Why Counseling

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What about counseling?

Sometimes a student comes to the university having already received counseling at home. Others may not have previous counseling experience but might have a difficult time in making the transition to college. In either of these circumstances, students and parents are encouraged to contact Counseling Services to get information about the best options available to them. Our staff is available to provide consultative services, short-term counseling services and community resources.

Why might counseling be suggested to a student?

There are many reasons why a person may seek counseling services. These range from a desire to solve a long-standing problem to wanting to enhance their personal growth. In order to address the personal, educational and career concerns of the students, the Counseling Center offers both group and short-term individual counseling. Common concerns that are discussed in counseling include: roommate and other interpersonal relationship conflicts, anxiety and stress management, depression, eating disorders, substance abuse, and family concerns. Students may also receive outside referrals to psychiatric services if medication is considered essential to the treatment of their concerns.

Here are some of the common instances when counseling might be recommended to a student:

  • Fundamental or traumatic changes in personal relationships, such as death of a family member or friend, divorce or separation in the family, etc.
  • Significant changes in mood or behavior, such as withdrawal from others, asocial activity (e.g., lying, stealing) spells of unexplained crying or outbursts of anger, or unusual agitation.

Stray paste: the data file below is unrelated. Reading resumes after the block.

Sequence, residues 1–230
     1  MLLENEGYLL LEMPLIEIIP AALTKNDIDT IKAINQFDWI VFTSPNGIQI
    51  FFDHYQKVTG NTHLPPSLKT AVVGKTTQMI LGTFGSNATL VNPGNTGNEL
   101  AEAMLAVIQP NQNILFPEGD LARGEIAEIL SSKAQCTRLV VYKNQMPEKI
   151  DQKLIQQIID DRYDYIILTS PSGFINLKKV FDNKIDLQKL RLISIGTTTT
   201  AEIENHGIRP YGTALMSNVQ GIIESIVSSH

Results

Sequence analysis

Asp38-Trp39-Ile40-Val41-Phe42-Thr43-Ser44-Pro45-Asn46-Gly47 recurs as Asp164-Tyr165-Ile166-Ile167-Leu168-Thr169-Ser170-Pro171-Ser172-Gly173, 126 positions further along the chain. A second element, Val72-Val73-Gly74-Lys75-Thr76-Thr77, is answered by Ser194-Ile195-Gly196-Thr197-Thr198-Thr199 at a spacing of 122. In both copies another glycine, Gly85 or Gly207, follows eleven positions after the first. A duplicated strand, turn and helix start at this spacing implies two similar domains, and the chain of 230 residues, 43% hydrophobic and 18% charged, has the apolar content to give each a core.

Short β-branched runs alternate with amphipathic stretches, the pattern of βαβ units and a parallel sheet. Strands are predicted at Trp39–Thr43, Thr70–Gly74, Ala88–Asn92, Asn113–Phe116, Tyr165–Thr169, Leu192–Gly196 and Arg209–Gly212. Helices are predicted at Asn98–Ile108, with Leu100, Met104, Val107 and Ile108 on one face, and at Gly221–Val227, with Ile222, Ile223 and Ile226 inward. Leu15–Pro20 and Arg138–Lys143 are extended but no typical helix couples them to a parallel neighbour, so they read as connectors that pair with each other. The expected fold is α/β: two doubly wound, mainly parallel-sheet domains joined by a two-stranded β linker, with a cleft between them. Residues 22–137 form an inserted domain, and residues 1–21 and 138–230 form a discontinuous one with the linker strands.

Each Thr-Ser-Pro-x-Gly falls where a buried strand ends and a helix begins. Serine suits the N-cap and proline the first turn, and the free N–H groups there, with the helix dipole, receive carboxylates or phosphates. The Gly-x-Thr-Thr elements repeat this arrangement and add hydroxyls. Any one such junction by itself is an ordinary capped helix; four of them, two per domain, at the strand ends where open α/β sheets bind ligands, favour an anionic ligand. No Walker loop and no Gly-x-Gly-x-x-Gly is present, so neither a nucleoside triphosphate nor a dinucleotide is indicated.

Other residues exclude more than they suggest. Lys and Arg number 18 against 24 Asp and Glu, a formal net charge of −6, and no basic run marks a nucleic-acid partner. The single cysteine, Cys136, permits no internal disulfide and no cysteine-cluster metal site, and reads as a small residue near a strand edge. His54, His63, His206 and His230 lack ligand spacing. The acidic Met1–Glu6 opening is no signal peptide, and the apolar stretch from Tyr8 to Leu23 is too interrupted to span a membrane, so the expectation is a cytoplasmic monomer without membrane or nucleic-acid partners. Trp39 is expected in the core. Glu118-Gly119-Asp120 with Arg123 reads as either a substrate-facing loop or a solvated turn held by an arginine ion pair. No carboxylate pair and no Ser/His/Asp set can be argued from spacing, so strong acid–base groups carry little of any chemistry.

• References to suicide – since it is difficult to distinguish between serious threats or passing idle thoughts of suicide, judgment about the seriousness of a situation is best made in consultation with a psychologist or psychiatrist.
  • Anxiety and depression – these are two of the more common symptoms which can significantly impair a student’s functioning.
  • Psychosomatic symptoms – concerns such as tension headaches, loss of appetite or excessive eating, insomnia or excessive sleeping or chronic stomach distress, etc.
  • Alcohol and drug abuse – evidence of excessive drinking, drug abuse or drug dependence is very often indicative of psychological problems.
  • Career choice concerns – often these concerns reflect the student’s struggle to understand him/herself and the world of work. Sometimes it reflects a problem with decision-making in general.
  • Concern about academics – such as contemplating dropping out of school, worrying about possible academic failure, or considering a transfer to another school.